target_date.displaycountdown("days", displayCountDown)
</script>


To set a target date you have to change this line modifying July 6 and the hour 0:0:00 with your target date (for example 25 december):

new cdtime("count_down_container", "July 6, "+currentyear+" 0:0:00")


...if your target date is 25 December the previous line becomes:

new cdtime("count_down_container", "December 25, "+currentyear+" 0:0:00")


If you want to change the style of the countdown you have to modify the following CSS classes:

.count_down{...}
.count_down sup{...}


In particular .count_down{} changes the format of the numbers and .count_down sup{} changes the style of the text "days", "hours", "minutes".


jQuery and the input form
Ok, the countdown is ready! Next step: add this line of code to include jQuery in the <head> tag of the page:

<script type="text/javascript" src="js/jquery-1.3.2.min.js"> </script>

Now, in the tag <body> add a simple form with an input field:

<form id="submit_leave_email">
<input id="input_leave_email" type="text" class="input_bg" value="Add your e-mail address"/>
<button type="submit" class="input_button">Update me</button>
</form>


...and add this layer to display a custom message when an user submit the form:

<div id="update_success">E-mail added!>/div>

...the result after the submission is here:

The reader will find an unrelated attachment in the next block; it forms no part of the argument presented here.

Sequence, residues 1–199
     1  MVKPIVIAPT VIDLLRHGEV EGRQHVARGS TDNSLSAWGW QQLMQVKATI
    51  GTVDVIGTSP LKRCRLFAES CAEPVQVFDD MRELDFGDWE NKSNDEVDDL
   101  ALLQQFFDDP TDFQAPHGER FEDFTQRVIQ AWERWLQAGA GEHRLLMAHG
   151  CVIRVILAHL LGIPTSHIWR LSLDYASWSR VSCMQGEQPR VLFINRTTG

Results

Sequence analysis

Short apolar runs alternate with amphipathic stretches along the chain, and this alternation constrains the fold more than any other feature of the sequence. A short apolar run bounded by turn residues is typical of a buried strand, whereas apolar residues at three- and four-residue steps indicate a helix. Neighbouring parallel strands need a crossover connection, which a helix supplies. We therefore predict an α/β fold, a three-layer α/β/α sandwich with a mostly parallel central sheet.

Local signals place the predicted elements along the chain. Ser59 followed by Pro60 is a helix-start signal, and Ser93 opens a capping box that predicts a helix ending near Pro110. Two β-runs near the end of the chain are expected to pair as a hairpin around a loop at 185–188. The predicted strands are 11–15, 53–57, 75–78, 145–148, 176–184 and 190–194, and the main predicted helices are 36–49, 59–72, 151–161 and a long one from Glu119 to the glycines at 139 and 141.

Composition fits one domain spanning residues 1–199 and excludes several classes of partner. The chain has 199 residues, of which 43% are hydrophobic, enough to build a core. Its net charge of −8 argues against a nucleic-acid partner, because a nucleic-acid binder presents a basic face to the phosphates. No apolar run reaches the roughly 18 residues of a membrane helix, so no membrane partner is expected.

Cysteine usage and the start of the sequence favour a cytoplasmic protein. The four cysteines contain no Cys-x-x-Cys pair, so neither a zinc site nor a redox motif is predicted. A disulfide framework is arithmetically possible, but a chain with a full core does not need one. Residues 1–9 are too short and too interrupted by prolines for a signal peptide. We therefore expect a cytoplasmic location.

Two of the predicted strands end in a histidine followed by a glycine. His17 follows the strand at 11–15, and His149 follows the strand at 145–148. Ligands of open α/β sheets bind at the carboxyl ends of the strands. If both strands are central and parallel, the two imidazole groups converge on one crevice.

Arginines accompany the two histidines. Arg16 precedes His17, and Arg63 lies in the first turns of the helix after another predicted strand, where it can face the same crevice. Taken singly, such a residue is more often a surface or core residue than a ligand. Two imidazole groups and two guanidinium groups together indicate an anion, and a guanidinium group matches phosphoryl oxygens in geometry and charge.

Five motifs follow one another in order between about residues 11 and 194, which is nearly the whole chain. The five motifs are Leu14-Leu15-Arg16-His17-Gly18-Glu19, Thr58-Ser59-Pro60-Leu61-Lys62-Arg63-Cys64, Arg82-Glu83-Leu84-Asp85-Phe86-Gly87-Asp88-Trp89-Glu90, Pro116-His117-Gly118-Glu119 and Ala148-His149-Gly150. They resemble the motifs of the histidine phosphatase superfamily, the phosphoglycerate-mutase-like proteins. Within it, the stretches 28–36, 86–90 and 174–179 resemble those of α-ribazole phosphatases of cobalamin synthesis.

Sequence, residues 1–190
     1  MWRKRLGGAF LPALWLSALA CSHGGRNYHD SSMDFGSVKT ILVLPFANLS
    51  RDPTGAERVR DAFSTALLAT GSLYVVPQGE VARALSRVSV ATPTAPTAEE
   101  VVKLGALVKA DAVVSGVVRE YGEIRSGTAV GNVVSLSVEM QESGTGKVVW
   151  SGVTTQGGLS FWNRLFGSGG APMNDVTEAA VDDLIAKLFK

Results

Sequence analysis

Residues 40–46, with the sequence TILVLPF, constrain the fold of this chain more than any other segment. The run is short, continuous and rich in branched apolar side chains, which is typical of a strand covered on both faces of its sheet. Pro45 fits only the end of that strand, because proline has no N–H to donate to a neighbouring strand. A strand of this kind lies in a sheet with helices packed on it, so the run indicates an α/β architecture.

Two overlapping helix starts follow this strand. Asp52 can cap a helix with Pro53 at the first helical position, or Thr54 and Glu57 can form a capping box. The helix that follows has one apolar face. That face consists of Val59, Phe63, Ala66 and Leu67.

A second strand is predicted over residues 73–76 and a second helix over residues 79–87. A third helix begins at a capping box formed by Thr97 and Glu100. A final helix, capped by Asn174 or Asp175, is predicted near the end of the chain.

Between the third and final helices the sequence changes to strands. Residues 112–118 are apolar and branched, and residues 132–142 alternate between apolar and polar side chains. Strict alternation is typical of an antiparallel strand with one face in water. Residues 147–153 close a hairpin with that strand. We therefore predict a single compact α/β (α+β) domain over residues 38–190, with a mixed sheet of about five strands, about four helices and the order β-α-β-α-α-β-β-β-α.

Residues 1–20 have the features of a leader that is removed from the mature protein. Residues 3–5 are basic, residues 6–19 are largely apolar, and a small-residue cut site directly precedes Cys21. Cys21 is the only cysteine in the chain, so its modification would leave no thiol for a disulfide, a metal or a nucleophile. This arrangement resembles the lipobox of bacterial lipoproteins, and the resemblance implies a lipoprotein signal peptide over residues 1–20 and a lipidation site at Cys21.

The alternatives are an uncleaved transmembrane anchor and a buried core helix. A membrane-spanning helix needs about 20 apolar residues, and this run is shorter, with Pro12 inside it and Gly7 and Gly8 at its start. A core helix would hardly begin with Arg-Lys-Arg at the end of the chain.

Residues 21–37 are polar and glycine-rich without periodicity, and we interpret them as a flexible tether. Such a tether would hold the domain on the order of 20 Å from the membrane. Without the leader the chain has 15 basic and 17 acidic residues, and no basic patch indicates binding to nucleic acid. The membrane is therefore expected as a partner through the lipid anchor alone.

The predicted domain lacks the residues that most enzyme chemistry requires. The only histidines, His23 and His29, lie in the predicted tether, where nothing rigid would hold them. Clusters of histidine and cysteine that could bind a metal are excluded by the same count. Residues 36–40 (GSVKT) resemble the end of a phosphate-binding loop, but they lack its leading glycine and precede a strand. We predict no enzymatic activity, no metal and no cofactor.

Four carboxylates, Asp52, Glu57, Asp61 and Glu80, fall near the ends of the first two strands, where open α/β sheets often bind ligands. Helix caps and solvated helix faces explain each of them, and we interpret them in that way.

The form with the input field disappears with a nice fade-out effect and a success message appears in its place. Now, in the <head> tag, after the line of code that includes jQuery, add this script to enable ajax functionalities to insert emails added from users into a database table without reload the page:

<script type="text/javascript">
$(document).ready(function(){
$("form#submit_leave_email").submit(function() {
var input_leave_email = $('#input_leave_email').attr('value');
$.ajax({
type: "POST",
url: "insert.php",
data:"input_leave_email="+ input_leave_email,
success: function(){
$("#submit_leave_email").fadeOut();
$("#update_success").fadeIn();
}
});
return false;
});
});
</script>


2. insert.php
insert.php contains some lines of PHP code to insert an email address into a database table. In this example I created a table EMAIL with just one attribute "email". PHP code is very simple:

<?php
if(isset($_POST['input_leave_email'])){